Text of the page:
The present document summarizes the findings after the second cycle of transport data collection in the context of the SSATP transport indicator initiative. By the end of July 2006, 15 countries1 had produced data out of the 21 currently involved.2 All those data have been compiled in a spreadsheet which is an annex to the present document. This second cycle shows some improvements over the first cycle in terms of data formatting and overall quality as well as comprehensiveness.
This manual presents the Roads Economic Decision Model (RED) developed to improve the decision-making process for the development and maintenance of low-volume rural roads.
Current rural travel and transport are dominated by head loading and walking (largely by women) to satisfy the daily travel and goods movement needs of rural populations in sub - Saharan Africa (SSA). Although rural roads and off-road transport may interact synergistically, with each amplifying the economic and social impact of the other, this interaction has not been directly studied or quantified. When intermediate means of transport (IMTs) have been introduced in the past and used in the transport system, private individuals have usually developed and reaped the benefits.
The argument presented in this report is that the relationships between improved rural road infrastructure and the provision of complementary vehicle services have not been fully understood resulting in over emphasis on infrastructure and under emphasis on the vehicle services themselves. The paper draws on evidence from cross country comparisons to conclude that there are particular problems in the rural areas of Sub-Saharan Africa (SSA).
This Note presents the Roads Economic Decision Model (RED) that performs an economic evaluation of road investments and maintenance options customized to the characteristics of low-volume roads such as: a) high uncertainty of the assessment of traffic, road condition, and future maintenance of unpaved roads; b) periods during a year with disrupted passability; c) levels of service and corresponding road user costs defined not lonely through roughness; d) high potential to influence economic development; and e) beneficiaries other than motorized road users.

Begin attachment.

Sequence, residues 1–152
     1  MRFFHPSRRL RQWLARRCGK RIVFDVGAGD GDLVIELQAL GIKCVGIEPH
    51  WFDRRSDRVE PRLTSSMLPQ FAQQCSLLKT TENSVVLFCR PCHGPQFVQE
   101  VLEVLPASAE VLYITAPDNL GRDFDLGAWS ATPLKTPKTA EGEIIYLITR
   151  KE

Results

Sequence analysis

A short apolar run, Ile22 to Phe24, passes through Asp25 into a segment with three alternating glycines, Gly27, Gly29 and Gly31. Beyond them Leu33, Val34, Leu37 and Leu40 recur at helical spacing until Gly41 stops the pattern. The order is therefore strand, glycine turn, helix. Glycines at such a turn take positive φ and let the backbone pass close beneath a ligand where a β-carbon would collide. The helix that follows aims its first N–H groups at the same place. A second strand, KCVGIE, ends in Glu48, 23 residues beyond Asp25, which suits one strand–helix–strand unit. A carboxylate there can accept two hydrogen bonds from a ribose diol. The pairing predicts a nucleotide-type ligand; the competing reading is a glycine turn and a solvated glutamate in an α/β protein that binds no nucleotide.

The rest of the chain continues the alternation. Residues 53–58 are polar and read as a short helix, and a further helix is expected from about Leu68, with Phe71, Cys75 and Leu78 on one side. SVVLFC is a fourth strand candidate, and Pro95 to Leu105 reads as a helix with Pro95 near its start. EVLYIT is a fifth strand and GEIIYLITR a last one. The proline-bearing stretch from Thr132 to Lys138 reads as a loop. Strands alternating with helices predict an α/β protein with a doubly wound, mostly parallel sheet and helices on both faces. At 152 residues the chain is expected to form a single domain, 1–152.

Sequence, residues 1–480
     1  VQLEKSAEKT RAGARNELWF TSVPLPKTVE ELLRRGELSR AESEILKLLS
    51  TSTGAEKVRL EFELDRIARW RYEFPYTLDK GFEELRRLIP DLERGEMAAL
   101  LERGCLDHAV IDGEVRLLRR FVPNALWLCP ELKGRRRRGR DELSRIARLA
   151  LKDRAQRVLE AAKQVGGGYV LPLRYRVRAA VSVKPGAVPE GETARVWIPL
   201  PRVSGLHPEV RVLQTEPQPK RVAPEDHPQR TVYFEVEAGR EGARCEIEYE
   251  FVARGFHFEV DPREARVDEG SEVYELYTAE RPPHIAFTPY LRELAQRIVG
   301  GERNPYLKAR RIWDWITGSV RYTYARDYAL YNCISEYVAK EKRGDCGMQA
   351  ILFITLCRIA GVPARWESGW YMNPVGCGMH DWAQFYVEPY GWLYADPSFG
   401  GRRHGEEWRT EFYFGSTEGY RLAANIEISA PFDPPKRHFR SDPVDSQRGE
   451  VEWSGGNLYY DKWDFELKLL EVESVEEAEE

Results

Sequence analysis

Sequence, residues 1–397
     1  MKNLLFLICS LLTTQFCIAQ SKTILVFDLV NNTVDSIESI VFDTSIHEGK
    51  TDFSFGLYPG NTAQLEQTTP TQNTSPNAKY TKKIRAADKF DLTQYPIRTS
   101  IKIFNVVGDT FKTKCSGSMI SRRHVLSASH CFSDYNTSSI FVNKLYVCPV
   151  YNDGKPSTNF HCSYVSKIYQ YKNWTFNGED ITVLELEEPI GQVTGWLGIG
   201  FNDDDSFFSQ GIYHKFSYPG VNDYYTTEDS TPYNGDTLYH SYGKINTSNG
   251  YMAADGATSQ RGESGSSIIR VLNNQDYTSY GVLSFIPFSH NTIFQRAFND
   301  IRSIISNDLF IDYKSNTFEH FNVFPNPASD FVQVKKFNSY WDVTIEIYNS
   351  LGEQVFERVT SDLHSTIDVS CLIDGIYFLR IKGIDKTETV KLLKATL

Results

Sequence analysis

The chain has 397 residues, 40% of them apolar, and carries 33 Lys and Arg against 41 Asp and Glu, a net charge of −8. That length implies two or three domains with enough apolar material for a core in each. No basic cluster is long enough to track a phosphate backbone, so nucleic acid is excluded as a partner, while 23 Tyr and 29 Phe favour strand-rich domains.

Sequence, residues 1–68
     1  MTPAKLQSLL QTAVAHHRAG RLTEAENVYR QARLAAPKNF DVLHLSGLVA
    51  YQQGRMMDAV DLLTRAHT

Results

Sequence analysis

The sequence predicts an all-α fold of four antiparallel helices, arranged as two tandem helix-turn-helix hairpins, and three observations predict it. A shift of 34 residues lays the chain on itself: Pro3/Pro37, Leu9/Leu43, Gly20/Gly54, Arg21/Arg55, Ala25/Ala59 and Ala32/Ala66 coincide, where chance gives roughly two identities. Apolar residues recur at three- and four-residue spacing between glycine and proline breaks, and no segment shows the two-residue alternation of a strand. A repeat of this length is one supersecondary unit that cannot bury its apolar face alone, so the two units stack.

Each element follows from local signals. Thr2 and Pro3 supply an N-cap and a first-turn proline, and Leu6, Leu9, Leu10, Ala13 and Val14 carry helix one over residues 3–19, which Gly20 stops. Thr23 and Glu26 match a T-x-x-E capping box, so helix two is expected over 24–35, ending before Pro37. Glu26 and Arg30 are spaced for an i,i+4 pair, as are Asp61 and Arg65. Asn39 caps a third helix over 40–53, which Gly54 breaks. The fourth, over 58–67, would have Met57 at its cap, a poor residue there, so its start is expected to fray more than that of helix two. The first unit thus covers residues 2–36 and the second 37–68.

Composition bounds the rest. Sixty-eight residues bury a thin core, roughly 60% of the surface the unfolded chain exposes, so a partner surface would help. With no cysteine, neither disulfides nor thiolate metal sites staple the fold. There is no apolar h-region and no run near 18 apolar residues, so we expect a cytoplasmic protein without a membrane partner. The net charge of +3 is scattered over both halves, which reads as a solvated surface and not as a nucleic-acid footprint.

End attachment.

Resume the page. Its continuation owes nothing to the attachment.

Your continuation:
The Sub-Saharan Africa Transport Policy Program (SSATP) was launched fifteen years ago as a joint initiative of the World Bank and the United Nations Economic Commission for Africa (UNECA) to improve transport sector performance by promoting policy reforms and institutional changes. The basic premises of the Program are that policy reform is essential in order to improve transport services; and that countries and their development partners need to col-laborate in the sector within a common framework of policies.
The basic premises of the Program are that: (i) policy reform is essential to obtain improved provision of transport services; and (ii) countries and their development partners need to collaborate within the framework of a common vision of policies and strategies in the sector. The SSATP is concentrating on assisting African countries in their efforts to build capacity for designing and implementing these premises. Capacity building is now firmly the focus of the Program.
The key features of the road reform process initiated in Uganda are: (a) development of an analytical basis to review different road financing and management options; (b) commitment and ownership of the reform program; (c) perception of transport as one of the important sectors of the economy; and (d) development of a sector investment policy and plan.
Scott Wilson was appointed by the SSATP/World Bank to undertake a technical assessment of pilot projects implemented in Kenya and Tanzania under Phase II of the Non-Motorized Transport [NMT] Program between 1995 and 1999. This report is submitted in response to the requirements of the Terms of Reference for the assessment. It provides an overview of the various program activities and their strengths and weaknesses. An assessment is made of whether the pilot projects have contributed to achieving the long-term objectives of the (NMT) Program.